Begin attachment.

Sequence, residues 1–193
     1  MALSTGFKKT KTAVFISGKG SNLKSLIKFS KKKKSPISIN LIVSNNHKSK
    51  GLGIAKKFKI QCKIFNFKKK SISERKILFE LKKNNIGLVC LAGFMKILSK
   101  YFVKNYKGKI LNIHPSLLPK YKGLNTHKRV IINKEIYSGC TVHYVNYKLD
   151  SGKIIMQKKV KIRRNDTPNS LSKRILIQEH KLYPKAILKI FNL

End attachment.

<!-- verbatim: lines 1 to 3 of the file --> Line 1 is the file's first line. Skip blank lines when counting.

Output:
Sequence, residues 1–193
     1  MALSTGFKKT KTAVFISGKG SNLKSLIKFS KKKKSPISIN LIVSNNHKSK
    51  GLGIAKKFKI QCKIFNFKKK SISERKILFE LKKNNIGLVC LAGFMKILSK